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Why kosher wine reigns in Spain

Spanish producers are gaining a world-wide reputation for quality.

    Kosher wine has arrived. The wine list at Spain's El Celler de Can, one of the world's top restaurants, offers selections from kosher producer Elvi Wines. The Michelin-starred venue is not alone. Until it closed its doors recently, the world-famous El Buli also kept Elvi bottles in the cellar.

    So it could be time finally to ditch all those headlines exclaiming surprise that kosher wine is drinkable. With more than decent, even top-quality wines being produced worldwide, the whole "what a shock, it actually tastes okay" shtick is yesterday's news.

    It is particularly true of two Spanish wineries. The aforementioned Elvi Wines and Celler de Capcanes.

    Elvi is a family business. Owner Moises Cohen studied agricultural engineering at Haifa's Technion. The next 15 years were spent between Israel and Spain while he researched agriculture.

    Cohen and his wife, Ana, moved permanently to Spain 20 years ago, at about the same time as the Spanish wine industry began to take off internationally. Cohen worked as an agricultural consultant for 10 years before he and Ana started Elvi Wines.

    Elvi Wines' Moishe and Ana Cohen
    Elvi Wines' Moishe and Ana Cohen

    Viniculture remains a key element. "It is our very clear philosophy that we produce all of our own grapes" says Cohen. "The grapes are produced in eight regions of Spain."

    The Cohens believe in kosher traditions and produce all of their wines under strict supervision. However, they also believe that this should not prevent their product competing with mainstream wines.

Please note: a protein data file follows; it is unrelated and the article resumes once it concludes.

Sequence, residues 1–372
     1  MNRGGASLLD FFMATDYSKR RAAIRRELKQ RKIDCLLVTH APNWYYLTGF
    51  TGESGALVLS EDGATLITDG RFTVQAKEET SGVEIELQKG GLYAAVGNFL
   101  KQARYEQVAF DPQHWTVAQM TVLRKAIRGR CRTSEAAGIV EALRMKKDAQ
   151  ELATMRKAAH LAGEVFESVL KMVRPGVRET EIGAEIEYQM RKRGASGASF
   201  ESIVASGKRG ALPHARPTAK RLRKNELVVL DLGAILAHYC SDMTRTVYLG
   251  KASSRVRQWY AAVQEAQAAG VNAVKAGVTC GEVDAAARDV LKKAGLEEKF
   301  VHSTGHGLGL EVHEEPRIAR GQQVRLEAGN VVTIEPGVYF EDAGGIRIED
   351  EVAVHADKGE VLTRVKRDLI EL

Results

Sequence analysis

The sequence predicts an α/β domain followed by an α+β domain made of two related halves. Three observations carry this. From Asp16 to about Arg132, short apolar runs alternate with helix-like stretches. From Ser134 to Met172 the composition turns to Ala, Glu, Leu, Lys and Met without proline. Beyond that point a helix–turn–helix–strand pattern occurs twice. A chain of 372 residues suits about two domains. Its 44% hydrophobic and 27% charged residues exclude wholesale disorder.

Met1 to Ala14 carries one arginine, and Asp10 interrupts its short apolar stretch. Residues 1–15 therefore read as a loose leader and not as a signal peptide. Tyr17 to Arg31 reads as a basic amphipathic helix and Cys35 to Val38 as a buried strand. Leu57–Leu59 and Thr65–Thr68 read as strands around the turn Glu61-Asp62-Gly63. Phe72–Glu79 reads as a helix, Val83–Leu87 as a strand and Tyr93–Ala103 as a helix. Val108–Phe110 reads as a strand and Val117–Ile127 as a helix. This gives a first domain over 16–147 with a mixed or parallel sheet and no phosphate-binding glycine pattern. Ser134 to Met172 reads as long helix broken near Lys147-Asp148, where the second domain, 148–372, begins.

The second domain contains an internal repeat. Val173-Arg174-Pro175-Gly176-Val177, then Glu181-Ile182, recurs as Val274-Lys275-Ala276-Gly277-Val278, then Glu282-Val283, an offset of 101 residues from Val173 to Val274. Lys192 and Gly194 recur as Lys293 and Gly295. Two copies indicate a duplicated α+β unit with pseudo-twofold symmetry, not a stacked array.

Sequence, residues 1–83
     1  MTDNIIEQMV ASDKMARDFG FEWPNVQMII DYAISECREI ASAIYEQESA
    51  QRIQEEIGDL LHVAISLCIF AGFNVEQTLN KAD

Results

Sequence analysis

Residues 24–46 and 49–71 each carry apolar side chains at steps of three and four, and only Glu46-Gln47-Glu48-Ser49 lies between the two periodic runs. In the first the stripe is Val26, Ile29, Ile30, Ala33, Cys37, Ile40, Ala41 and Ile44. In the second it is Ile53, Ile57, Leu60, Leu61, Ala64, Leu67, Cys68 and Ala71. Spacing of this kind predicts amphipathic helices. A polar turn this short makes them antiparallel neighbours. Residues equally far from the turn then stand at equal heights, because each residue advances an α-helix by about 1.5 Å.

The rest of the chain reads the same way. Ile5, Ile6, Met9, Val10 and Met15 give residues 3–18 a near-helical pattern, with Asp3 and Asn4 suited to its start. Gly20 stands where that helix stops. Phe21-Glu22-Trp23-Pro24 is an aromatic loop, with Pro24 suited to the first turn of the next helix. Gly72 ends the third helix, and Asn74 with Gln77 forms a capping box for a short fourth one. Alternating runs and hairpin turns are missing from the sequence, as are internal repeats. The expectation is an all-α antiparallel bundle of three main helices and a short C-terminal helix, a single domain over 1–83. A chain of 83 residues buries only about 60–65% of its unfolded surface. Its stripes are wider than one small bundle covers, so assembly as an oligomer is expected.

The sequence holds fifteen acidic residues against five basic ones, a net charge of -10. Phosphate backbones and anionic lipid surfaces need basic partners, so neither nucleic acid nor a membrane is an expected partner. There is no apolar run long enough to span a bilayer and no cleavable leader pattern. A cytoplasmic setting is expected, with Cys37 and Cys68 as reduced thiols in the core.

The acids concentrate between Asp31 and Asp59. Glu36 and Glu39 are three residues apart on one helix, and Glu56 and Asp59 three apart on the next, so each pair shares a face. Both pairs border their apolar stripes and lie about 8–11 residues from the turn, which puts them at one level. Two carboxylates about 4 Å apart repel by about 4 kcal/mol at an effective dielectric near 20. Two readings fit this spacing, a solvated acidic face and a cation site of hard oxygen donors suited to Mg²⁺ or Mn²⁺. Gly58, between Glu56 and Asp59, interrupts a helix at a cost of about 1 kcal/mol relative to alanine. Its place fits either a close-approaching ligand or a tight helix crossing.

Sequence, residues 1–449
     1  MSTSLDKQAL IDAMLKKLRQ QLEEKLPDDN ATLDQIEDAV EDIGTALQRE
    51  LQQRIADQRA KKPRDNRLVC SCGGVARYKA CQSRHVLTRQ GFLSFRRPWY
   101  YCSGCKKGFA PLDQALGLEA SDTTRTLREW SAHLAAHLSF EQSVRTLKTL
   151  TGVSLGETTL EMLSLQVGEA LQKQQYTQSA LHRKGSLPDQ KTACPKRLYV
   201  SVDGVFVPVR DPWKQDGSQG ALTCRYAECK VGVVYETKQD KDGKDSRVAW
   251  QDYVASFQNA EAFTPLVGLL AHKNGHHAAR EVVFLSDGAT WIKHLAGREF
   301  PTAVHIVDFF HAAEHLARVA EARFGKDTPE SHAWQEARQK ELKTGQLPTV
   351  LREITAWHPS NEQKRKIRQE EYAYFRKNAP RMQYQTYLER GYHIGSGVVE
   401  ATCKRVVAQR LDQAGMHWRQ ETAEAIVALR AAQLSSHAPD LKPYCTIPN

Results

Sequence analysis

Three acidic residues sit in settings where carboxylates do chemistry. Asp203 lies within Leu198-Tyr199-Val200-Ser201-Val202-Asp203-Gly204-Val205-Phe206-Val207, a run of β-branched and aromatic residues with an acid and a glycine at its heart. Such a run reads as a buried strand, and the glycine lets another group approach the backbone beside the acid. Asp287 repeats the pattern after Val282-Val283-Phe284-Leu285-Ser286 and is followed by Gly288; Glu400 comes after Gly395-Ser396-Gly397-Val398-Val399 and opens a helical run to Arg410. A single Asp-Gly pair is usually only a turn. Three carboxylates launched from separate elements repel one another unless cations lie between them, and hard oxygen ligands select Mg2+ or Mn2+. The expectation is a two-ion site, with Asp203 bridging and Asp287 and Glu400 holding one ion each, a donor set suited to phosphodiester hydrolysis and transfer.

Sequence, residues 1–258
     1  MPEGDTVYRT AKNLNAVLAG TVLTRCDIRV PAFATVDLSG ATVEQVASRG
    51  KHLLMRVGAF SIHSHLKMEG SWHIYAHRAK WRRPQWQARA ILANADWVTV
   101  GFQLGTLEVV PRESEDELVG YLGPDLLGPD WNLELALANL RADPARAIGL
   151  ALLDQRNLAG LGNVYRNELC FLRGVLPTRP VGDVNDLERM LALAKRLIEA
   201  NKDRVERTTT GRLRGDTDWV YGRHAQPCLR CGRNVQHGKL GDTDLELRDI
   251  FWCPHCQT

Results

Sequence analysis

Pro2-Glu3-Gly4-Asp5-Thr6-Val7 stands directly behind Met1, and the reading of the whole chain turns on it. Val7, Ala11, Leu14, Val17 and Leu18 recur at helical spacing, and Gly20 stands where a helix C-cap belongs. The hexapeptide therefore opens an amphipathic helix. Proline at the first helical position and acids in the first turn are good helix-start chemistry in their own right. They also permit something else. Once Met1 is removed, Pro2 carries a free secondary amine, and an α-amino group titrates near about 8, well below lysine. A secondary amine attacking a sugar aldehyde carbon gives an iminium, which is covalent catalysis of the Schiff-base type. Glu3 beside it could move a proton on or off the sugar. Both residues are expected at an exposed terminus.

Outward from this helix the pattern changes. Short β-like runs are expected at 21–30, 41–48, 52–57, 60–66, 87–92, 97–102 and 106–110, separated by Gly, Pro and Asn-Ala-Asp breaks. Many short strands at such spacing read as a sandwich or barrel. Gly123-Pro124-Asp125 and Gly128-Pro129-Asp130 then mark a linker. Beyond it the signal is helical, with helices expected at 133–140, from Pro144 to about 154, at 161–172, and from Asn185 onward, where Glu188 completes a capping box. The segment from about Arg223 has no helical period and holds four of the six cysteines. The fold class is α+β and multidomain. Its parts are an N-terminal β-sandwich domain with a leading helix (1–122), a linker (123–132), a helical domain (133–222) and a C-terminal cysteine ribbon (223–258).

"We make excellent wines that happen to be kosher and which can compete in regular markets" says Cohen.

    They export to 35 countries. "In several markets we have gone into, they have never heard of kosher. It is only later that we publicise this," Cohen laughs.

    The wines been critically acclaimed. "We have competed successfully with non-kosher wines and done well" Cohen says. "Seven of our wines are already considered by the Spanish wine guide, Penin, to be in the top 180 wines in Spain, and our Rioja is one of the most acclaimed in the country," says Cohen.

    It was kosher wine that became the salvation of the wine-makers of the Catalan village of Capcanes. Vines had been grown there since the middle ages. The inhabitants of the village (none Jewish) formed a wine-making co-operative - the Celler de Capcanes - in 1933, at first producing wine for bulk sale but by the 1980s, not even making wine, but instead selling their grapes off before fermentation. It was only in the late 1990s, after an approach from the Jewish community of Barcelona asking them to make them a kosher wine, that they realised the value of their grapes.

    To meet kosher requirements, the co-operative installed new equipment enabling them to hand-produce smaller batches of special wines from the best of their grapes. Capcanes went on to produce a number of high quality, boutique-style wines.

    Last year, Robert Parker's Wine Advocate -­ the most respected wine review in the United States - awarded the Capcanes 2007 La Flor del Flor and Peraj Ha'abib scores of 94 and 95 respectively. These are the highest scores ever for a kosher wine.

    With kosher wine turning up at some of the world's finest restaurants, the bashing days should be well and truly over. And now there is no reason at all to arrive at your next Seder brandishing a bottle of mildly alcoholic grape juice.

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